As Queen Mary appreciated, the Rothschild Orpheus Cup rewards close inspection. The cover is made of gold and is enamelled en ronde bosse on the cover and foot. The cup is decorated in painted enamel. On a luscious grass covered hill the goddess Diana sits back to back with a diminutive figure of Orpheus who vigorously plays his lyre, charming the host of animals arranged on the hill below him. Both Diana and Orpheus are accompanied by faithful dogs, whilst a seated bear reaches out to touch Orpheus’ left leg. Eleven putti sit in a circle on the next level down, below which recumbent jewel encrusted animals lounge peacefully. The animals comprise a horse, a camel, a white stag, a lion, a unicorn, a bull and a goat. Interspersed around these larger animals are rabbits and dogs and, most charming of all, a seated green monkey eating a fruit. The cup is decorated with painted enamel scenes taken from Ovid’s Metamorphoses and, on the underside of the cover, with hunting scenes. The cup and cover are supported by a gold figure of Atlas who kneels on a small mossy promontory crawling with lizards and snakes and surrounded by a painted enamel representation of a river or lake.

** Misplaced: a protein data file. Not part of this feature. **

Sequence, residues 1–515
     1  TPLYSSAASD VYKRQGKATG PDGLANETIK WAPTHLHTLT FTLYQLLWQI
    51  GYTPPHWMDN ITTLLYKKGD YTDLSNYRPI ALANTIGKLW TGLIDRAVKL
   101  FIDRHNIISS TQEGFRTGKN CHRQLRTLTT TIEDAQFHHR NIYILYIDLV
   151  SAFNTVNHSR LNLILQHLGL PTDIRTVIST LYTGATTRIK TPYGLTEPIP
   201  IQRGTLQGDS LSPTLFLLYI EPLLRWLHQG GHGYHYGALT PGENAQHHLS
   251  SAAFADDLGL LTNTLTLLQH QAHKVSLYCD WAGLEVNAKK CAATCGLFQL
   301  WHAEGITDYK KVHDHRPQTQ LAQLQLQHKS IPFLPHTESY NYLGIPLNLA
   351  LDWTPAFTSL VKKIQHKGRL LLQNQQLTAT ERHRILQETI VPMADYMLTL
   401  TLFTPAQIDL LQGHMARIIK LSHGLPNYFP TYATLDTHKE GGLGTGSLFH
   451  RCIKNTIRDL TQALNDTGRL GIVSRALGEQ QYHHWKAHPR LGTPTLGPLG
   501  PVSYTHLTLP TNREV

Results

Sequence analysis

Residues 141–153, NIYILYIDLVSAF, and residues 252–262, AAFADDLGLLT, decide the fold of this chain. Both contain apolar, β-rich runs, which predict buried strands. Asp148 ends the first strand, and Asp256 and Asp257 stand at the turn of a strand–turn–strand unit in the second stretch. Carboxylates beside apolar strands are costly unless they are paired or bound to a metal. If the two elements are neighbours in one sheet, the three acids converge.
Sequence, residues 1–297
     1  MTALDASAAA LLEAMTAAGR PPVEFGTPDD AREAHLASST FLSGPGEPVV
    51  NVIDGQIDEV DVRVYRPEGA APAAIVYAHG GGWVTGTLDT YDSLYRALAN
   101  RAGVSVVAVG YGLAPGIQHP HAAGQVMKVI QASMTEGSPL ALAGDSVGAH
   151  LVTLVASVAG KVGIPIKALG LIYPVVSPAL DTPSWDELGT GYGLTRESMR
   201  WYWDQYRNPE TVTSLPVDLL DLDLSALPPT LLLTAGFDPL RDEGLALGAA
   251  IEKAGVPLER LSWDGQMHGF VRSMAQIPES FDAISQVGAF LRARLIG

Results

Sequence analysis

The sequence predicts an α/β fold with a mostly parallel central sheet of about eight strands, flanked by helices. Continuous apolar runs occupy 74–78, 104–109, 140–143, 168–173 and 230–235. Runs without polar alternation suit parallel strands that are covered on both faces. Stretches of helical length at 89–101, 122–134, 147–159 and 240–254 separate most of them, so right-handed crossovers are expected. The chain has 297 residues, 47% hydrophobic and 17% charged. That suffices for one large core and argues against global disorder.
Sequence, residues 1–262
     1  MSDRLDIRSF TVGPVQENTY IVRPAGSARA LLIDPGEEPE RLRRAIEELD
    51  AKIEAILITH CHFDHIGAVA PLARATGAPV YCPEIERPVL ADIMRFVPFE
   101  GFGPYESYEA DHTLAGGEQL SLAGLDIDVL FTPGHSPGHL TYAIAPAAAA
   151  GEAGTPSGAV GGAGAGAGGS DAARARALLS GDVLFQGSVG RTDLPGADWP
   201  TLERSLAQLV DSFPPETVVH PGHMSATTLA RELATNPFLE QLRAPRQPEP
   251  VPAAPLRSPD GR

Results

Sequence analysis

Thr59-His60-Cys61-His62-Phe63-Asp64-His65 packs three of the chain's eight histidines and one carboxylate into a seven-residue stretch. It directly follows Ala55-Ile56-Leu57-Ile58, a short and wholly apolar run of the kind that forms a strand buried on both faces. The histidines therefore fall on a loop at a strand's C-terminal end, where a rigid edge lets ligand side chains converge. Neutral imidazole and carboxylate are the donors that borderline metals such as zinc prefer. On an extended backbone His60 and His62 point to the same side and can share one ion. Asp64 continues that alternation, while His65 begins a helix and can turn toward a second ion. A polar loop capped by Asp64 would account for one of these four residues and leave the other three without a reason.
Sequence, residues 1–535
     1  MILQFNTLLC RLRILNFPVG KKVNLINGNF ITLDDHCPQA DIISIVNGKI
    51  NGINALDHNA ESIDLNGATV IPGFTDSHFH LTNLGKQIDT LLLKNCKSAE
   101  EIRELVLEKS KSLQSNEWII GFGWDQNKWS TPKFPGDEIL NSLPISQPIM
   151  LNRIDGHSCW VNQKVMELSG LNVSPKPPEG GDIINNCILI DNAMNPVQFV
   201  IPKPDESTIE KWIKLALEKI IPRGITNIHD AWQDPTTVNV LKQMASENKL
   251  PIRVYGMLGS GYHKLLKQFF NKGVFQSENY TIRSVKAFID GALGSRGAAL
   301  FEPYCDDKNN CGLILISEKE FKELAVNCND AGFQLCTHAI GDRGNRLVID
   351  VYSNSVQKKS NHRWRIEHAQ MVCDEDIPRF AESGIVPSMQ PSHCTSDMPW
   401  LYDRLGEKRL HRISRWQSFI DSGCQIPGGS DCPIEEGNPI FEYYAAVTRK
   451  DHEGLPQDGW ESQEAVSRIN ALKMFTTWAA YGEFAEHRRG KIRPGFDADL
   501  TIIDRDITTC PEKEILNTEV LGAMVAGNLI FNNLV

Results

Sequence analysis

The iconography of the cup might be interpreted as Atlas holding the world up above a primordial land inhabited by lizards and frogs. The bowl of the cup illustrates scenes of humans engaged in various escapades, from mythological encounters with gods to a rural scene of hunting. The top of the cup is the vision of Mount Parnasus, the sacred mountain of the gods, a land of peace and harmony. Thus the Rothschild Orpheus Cup is a seminal example of a Schatzkammer treasure which was admired for its virtuosic craftsmanship as well as its instructive meaning.